Dekalog and Other Television Works: Dekalog Seven & Eight/The Calm

This is the fourth of five reviews of Arrow Academy's dual-format box set. For the other reviews, go to:

Dekalog One & Two/Pedestrian Subway
Dekalog Three & Four/First Love
Dekalog Five & Six/Personnel

Dekalog, Seven (Dekalog, siedem, 55:10)
Thou shalt not steal

Six-year-old Ania (Katarzyna Piwowarczyk) believes that Majka (Maja Barełkowska) is her older sister. However, Ewa is her mother, having given birth to her at the age of sixteen, the result of an affair with her teacher. To avoid scandal, Majka's mother Ewa (Anna Polony) raised Ania as her own daughter. However, this has never sat well with Majka, who one day takes Ania with her as she runs away from home.

Krzysztof Piesiewicz encountered a similar case to this in his work as a lawyer, except that in reality the child brought up to believe her grandmother was her actual mother was the result of incest. Piesiewicz and Kieślowski turned this story into another moral dilemma and question, in an episode based more closely on its Commandment than others: can you steal which is rightfully yours? Ewa may have been motivated to avoid scandal, but is her deception for the good, however well intentioned it may have been? This is an almost entirely female-driven story, with the fathers involved distant or absent, taking no responsibility for the result of their actions.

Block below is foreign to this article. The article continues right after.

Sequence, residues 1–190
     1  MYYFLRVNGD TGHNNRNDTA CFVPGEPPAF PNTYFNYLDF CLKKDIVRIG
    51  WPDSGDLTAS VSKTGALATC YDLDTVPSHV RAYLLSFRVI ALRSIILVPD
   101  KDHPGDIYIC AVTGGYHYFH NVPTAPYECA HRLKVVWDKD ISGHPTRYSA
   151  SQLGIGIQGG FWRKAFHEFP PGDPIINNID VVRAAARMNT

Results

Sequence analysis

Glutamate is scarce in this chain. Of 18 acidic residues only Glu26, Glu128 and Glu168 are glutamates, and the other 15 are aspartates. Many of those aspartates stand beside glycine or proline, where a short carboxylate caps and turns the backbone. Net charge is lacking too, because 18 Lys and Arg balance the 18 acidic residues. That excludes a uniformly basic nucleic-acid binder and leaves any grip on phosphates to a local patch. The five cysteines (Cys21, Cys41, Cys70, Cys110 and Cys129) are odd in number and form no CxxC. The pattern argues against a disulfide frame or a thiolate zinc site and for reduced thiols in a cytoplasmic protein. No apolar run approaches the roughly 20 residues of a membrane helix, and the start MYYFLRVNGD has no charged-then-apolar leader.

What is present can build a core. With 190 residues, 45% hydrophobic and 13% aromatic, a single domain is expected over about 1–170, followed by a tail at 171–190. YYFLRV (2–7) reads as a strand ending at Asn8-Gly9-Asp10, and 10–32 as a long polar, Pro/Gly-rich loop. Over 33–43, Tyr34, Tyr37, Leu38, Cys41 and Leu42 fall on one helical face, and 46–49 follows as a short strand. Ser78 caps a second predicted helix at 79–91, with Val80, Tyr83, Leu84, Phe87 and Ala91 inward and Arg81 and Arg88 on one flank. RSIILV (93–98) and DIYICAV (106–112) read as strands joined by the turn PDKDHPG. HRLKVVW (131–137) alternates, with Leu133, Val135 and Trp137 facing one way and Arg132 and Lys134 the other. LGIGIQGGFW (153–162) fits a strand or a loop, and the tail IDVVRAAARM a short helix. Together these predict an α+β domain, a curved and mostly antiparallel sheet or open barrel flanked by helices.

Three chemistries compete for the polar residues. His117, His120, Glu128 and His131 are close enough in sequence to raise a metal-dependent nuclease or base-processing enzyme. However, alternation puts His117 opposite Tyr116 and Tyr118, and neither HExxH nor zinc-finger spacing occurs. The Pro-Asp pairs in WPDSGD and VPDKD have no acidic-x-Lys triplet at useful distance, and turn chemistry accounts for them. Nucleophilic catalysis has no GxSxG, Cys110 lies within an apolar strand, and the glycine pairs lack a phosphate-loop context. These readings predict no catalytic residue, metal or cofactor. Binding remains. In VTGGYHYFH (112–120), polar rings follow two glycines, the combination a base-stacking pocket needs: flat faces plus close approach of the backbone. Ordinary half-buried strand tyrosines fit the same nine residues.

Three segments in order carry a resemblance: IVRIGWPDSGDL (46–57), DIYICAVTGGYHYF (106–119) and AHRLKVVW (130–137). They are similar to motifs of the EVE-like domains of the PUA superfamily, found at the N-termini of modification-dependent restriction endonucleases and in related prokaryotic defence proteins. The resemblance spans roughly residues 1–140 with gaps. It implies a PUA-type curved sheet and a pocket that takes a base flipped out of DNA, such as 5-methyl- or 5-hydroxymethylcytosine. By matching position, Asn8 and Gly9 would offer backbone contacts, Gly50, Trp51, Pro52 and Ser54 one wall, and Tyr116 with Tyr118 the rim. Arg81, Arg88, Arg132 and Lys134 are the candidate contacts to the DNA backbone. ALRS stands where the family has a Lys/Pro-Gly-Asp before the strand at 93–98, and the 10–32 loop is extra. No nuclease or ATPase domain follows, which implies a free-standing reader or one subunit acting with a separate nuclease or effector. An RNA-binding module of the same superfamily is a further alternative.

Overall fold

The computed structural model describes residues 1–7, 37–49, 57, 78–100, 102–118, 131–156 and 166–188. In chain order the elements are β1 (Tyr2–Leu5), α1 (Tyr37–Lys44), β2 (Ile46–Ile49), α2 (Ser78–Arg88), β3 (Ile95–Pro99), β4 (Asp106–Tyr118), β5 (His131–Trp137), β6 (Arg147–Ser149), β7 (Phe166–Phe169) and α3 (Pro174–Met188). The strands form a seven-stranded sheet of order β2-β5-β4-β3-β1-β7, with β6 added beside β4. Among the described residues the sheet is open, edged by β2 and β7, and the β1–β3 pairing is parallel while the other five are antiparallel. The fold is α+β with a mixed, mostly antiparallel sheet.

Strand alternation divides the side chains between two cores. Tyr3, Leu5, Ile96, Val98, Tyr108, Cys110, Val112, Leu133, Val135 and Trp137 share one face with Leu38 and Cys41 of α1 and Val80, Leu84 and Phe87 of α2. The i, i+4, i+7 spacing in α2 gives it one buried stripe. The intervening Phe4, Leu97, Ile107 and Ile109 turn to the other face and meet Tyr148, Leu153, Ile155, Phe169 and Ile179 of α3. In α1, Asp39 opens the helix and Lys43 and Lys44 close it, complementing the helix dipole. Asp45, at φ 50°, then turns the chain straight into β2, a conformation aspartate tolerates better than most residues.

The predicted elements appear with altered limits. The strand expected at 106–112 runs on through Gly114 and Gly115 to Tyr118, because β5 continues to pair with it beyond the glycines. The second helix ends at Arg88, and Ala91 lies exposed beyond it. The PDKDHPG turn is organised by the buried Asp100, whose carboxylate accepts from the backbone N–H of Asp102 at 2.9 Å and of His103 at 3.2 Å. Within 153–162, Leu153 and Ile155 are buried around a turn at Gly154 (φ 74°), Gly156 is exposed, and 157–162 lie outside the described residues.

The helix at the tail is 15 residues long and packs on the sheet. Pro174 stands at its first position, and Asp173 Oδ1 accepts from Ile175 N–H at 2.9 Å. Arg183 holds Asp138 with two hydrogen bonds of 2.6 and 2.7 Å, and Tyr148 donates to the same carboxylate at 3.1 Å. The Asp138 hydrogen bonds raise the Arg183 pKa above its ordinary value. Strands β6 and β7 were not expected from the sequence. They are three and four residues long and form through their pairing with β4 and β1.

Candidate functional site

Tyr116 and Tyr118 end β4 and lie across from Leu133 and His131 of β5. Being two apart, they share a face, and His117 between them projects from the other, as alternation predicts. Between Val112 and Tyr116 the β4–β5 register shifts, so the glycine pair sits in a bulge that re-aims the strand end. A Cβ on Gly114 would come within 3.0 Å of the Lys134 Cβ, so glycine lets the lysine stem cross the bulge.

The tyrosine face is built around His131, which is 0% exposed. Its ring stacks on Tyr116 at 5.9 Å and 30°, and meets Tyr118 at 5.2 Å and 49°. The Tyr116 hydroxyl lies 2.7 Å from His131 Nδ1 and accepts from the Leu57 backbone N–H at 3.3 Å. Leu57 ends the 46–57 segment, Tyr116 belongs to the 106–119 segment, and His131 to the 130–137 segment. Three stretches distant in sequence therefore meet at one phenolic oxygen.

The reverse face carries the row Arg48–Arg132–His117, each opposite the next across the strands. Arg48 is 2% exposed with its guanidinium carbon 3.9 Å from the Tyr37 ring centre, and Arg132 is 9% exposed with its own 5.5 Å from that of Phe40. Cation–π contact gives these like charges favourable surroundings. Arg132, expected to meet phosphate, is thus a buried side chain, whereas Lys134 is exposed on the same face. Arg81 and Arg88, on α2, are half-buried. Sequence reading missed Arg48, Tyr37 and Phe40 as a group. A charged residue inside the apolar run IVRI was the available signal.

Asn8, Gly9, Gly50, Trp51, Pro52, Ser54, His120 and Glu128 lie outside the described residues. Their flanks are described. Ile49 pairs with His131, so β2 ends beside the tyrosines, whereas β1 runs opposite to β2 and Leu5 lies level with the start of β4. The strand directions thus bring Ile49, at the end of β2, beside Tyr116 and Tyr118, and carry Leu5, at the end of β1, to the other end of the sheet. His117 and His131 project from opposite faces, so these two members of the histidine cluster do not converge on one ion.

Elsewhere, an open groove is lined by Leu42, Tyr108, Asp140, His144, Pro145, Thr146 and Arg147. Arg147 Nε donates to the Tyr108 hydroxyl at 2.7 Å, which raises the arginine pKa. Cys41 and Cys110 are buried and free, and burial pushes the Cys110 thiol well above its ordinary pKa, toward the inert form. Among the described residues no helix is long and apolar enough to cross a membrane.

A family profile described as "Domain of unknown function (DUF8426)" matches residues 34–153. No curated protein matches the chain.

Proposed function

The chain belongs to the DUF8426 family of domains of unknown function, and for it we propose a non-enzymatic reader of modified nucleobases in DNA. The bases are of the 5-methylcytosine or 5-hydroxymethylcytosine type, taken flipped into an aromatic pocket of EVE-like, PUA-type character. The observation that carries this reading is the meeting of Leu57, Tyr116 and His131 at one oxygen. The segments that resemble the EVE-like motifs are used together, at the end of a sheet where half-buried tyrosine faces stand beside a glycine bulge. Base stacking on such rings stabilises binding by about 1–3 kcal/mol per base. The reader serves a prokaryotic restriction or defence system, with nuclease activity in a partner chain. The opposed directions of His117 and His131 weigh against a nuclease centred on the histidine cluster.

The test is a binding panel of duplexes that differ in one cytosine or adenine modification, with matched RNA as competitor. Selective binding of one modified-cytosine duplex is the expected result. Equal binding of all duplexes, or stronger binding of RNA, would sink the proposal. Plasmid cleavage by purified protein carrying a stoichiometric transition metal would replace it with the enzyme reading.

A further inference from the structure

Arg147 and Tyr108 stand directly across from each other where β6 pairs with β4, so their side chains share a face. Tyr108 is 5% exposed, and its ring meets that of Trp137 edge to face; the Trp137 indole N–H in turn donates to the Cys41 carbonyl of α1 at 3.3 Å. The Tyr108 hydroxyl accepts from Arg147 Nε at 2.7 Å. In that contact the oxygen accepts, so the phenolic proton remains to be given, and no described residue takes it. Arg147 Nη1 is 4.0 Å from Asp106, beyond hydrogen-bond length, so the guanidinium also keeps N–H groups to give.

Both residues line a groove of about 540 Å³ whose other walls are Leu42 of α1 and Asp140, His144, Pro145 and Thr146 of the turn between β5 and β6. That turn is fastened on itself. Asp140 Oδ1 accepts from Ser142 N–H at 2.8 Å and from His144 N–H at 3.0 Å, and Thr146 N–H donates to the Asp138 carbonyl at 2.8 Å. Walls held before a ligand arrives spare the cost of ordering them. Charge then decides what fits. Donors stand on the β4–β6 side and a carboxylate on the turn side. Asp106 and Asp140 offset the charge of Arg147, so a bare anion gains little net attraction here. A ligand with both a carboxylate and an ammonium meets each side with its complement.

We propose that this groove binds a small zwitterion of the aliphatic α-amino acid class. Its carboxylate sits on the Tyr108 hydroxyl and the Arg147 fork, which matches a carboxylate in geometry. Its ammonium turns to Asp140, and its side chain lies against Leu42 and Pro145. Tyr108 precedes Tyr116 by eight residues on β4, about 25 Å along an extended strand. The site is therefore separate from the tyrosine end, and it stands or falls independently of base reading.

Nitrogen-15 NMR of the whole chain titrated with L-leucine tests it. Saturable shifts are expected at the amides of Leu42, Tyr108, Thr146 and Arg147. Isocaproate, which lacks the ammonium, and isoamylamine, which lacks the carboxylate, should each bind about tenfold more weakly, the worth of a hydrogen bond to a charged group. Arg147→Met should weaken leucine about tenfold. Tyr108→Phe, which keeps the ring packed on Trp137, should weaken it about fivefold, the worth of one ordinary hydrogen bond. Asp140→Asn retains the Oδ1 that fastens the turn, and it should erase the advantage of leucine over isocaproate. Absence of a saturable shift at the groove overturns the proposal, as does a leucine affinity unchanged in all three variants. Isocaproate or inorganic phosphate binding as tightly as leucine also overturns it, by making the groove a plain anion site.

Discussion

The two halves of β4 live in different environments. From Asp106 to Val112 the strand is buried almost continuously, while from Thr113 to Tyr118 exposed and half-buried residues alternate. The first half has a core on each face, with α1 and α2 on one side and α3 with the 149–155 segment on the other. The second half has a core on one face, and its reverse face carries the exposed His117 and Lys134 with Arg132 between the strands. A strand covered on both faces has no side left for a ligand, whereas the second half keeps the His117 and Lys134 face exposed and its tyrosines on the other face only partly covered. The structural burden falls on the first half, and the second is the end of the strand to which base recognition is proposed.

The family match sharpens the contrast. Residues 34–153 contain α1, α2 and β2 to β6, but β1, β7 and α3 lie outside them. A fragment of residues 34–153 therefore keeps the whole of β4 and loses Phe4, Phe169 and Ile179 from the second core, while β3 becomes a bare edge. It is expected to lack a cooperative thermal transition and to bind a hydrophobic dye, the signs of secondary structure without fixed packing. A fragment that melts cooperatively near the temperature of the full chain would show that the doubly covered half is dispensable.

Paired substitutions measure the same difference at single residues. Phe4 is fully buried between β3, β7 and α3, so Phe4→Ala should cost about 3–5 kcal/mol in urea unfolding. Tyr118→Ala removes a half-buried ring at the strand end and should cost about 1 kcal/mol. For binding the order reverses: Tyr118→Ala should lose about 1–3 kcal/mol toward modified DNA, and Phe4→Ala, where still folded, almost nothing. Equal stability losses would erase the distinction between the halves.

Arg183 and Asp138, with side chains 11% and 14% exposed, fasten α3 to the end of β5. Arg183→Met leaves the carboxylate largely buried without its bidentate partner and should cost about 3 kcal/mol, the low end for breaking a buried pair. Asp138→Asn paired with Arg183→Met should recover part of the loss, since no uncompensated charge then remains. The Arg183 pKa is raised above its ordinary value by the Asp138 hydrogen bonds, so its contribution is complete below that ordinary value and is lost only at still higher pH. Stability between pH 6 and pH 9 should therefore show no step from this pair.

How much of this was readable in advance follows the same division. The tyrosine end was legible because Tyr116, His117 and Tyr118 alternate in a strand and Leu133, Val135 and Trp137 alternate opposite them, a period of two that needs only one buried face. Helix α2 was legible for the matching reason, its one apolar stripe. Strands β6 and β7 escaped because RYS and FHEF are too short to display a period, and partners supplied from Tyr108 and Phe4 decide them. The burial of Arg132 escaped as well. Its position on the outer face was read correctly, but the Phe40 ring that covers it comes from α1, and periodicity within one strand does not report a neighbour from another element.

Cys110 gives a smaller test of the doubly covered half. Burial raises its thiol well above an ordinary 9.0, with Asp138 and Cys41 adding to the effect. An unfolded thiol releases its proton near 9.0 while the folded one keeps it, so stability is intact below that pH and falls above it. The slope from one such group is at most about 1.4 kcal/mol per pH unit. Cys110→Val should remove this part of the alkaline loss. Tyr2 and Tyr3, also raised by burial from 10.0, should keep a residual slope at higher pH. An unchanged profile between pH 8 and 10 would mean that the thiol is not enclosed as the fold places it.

This is one of two episodes where Artur Barciś's silent watcher does not appear, though he still has his name in the credits. He was filmed as a man at the train station towards the end, but Kieślowski had technical problems so deleted him. In Dekalog several main characters in one episode will make a cameo appearance in another: Ania can be seen briefly in Dekalog Nine.

Dekalog, Eight (Dekalog, osiem, 54:22)
Thou shalt not bear false witness against thy neighbour

Dekalog Eight is one of the most philosophical of the episodes, quite literally so as its central character Zofia (Maria Kościałkowska) is an ethics professor. Elżbieta Loranc (Teresa Marczewska) is a Polish Jew living in the USA attending her classes. It turns out that the two women had met before, more than forty years earlier. Zofia then had refused to help Elżbieta during the Nazi occupation of Warsaw, to avoid putting the Resistance at risk.

Bearing false witness is central to this episode, as when the two women meet and the reasons behind Zofia's actions become clear, the theme of lies and lying comes to the fore. Zofia has believed for four decades that she was responsible for the death of a young child, and Elżbieta has believed she was rejected. It's an optimistic story in that it suggests that division can be healed and resolution is possible.